The War On War

Fiery, impassioned, words from former New York Times reporter Chris Hedges: railing against the inhumanity, the immorality, the futility, the waste of human on human violence. And the costs to those who experience it.

They come from a speech he gave in New York on Sunday, denouncing the 11th anniversary of the war in Afghanistan. The event, at the Vietnam Veterans Memorial, was led by Veterans for Peace.

I am not a pacifist in all instances. But I do see extreme tragedy in the fact that human culture and politics have yet to develop the wisdom and institutions needed to remove violence from the equation of human interaction. Imagine what could have been achieved if all the energy and resources devoted to war, that are still devoted to war, had been invested in education, human development, science and stewardship of the planet. It’s stunning.

Read Hedges’ full speech, but here is the conclusion:

Towering about us are banks and other financial institutions that profit from war. War, for some, is a business. And across this country lies a labyrinth of military industries that produce nothing but instruments of death. And some of us once served these forces. It is death we defy, not our own death, but the vast enterprise of death. The dark, primeval lusts for power and personal wealth, the hypermasculine language of war and patriotism, are used to justify the slaughter of the weak and the innocent and mock justice. … And we will not use these words of war.

We cannot flee from evil. Some of us have tried through drink and drugs and self-destructiveness. Evil is always with us. It is because we know evil, our own evil, that we do not let go, do not surrender. It is because we know evil that we resist. It is because we know violence that we are nonviolent. And we know that it is not about us; war taught us that. It is about the other, lying by the side of the road. It is about reaching down in defiance of creeds and oaths, in defiance of religion and nationality, and lifting our enemy up. All acts of healing and love—and the defiance of war is an affirmation of love—allow us to shout out to the vast powers of the universe that, however broken we are, we are not yet helpless, however much we despair we are not yet without hope, however weak we may feel, we will always, always, always resist. And it is in this act of resistance that we find our salvation.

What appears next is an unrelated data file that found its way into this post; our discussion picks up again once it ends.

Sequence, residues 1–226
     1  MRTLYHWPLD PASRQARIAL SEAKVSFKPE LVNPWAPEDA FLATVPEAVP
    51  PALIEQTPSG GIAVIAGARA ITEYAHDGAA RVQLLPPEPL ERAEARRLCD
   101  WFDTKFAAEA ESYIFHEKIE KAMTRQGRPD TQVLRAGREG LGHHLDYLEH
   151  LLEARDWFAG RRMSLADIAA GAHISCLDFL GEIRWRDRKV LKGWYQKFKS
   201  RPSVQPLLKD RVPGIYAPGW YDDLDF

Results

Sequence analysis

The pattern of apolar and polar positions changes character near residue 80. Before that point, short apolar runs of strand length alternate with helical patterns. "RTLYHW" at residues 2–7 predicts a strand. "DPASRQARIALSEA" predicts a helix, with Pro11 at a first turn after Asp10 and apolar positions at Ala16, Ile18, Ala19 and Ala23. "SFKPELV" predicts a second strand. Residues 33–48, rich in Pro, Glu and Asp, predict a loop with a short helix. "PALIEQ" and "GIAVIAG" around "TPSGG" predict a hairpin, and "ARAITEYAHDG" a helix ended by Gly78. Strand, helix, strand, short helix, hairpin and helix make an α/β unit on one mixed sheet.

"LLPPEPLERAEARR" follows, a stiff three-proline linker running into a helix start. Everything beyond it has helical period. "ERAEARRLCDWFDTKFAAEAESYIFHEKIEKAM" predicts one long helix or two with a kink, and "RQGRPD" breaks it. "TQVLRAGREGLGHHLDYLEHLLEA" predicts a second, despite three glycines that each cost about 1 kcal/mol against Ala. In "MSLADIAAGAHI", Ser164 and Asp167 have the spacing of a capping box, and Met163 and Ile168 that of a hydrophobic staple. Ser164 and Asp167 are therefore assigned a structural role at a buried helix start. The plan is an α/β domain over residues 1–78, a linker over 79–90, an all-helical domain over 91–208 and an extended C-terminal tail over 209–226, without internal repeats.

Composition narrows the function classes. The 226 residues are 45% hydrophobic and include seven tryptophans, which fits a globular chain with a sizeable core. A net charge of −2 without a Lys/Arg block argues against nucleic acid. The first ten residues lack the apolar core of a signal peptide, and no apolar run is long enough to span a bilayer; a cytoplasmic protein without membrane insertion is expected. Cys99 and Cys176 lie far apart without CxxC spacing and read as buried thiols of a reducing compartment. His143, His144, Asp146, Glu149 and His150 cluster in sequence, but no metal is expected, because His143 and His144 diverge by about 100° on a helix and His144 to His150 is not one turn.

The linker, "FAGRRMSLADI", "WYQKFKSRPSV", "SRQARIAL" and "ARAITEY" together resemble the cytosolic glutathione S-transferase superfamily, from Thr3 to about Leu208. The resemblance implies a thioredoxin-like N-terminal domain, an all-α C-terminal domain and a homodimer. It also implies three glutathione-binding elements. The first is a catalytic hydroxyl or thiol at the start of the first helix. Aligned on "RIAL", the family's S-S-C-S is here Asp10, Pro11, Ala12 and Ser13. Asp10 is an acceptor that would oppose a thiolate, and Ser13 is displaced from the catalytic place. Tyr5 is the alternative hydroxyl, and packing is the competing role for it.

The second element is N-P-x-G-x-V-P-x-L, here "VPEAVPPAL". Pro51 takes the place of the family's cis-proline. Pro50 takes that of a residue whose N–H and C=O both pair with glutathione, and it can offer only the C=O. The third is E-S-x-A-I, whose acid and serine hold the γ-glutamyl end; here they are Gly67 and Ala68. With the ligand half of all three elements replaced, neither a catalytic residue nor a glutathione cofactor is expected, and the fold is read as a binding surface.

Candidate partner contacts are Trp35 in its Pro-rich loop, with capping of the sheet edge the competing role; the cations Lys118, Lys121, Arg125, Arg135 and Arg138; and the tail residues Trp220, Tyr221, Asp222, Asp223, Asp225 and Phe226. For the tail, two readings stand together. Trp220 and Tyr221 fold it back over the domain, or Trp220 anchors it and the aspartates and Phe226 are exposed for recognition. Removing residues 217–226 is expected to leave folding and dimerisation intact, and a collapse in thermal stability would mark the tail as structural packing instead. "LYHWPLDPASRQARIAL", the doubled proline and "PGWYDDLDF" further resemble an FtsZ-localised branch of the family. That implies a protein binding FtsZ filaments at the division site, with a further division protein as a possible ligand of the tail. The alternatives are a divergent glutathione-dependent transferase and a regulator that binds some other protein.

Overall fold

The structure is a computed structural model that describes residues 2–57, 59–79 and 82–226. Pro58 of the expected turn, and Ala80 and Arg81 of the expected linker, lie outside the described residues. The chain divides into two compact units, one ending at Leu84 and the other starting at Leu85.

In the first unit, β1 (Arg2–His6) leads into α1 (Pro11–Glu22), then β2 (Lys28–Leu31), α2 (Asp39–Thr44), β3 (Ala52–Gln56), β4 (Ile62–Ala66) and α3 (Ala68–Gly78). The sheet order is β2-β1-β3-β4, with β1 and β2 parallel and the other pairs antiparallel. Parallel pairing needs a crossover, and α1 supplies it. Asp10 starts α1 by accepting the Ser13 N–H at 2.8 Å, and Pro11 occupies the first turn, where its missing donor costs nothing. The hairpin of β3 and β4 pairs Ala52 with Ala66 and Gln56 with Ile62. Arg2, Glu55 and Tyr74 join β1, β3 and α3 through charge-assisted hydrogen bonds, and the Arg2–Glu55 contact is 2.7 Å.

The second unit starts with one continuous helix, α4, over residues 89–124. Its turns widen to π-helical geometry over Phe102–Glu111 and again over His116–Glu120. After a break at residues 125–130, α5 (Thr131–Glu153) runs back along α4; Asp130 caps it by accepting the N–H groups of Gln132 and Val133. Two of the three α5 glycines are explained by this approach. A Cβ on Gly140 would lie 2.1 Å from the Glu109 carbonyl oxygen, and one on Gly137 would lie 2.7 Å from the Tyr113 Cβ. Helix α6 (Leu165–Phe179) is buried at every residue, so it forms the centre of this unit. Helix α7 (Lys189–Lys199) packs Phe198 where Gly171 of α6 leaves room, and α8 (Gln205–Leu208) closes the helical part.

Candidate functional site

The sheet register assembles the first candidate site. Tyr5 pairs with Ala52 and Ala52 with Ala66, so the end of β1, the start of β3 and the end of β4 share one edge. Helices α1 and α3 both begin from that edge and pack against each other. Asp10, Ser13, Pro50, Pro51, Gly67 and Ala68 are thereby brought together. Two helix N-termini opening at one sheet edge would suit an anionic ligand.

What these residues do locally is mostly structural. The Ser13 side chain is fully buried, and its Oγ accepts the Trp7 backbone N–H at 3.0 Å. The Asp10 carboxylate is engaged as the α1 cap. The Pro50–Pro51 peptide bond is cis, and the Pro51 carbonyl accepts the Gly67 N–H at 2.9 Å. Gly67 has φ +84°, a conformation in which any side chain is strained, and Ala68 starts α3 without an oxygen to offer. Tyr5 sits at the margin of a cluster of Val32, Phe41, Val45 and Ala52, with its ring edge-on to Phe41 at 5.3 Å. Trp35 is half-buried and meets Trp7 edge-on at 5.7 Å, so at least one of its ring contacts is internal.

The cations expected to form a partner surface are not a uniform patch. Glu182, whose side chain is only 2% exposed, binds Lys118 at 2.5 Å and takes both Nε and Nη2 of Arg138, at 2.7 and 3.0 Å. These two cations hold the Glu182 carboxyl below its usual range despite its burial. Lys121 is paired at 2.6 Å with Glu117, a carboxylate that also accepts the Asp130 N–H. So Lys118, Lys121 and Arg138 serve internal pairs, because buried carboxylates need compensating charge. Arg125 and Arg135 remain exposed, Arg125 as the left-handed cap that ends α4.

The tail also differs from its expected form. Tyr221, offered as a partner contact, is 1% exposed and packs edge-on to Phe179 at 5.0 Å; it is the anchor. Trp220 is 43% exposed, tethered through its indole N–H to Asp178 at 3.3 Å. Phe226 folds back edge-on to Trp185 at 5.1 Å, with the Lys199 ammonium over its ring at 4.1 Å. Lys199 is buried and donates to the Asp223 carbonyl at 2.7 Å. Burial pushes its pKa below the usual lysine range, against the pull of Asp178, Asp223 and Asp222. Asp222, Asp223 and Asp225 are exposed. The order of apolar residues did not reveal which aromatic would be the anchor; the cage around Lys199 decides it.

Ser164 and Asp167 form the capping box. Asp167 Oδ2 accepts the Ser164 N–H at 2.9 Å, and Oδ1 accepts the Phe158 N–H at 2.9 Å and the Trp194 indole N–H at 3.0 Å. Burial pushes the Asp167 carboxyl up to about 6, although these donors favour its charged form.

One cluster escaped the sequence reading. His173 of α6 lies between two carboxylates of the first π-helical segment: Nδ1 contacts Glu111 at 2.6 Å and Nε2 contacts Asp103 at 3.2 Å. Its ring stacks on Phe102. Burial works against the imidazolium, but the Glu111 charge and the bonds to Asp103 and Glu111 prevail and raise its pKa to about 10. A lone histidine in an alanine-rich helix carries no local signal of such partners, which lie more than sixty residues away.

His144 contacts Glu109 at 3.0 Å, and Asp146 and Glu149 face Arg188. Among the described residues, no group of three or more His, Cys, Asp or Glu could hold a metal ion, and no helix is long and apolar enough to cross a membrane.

Defy war. Resist violence. Seek peace and salvation. Change everything.

Fields Of Friendly Fire

Forget the Oscar overload, and whether Jennifer Lopez’s dress covered all the right parts of Jennifer Lopez. If you are going to read one story today, you should make it this one: the story of a father who refused to let the US Army whitewash the friendly fire death of his son.

I had a number of very powerful reactions to the story, but I will let you read it fresh, with no preconceptions.

Here’s how it starts (in case you need any further inducement to give it a read):

Dave Sharrett Sr. still sees his son in his dreams.

In one, the son is home on leave from Iraq, a warrior, a man. His boots are caked in mud. His fatigues are dirty. “And as we talk,” Sharrett says, “I realize I have to tell him that I know how he is going to die.”

Read on….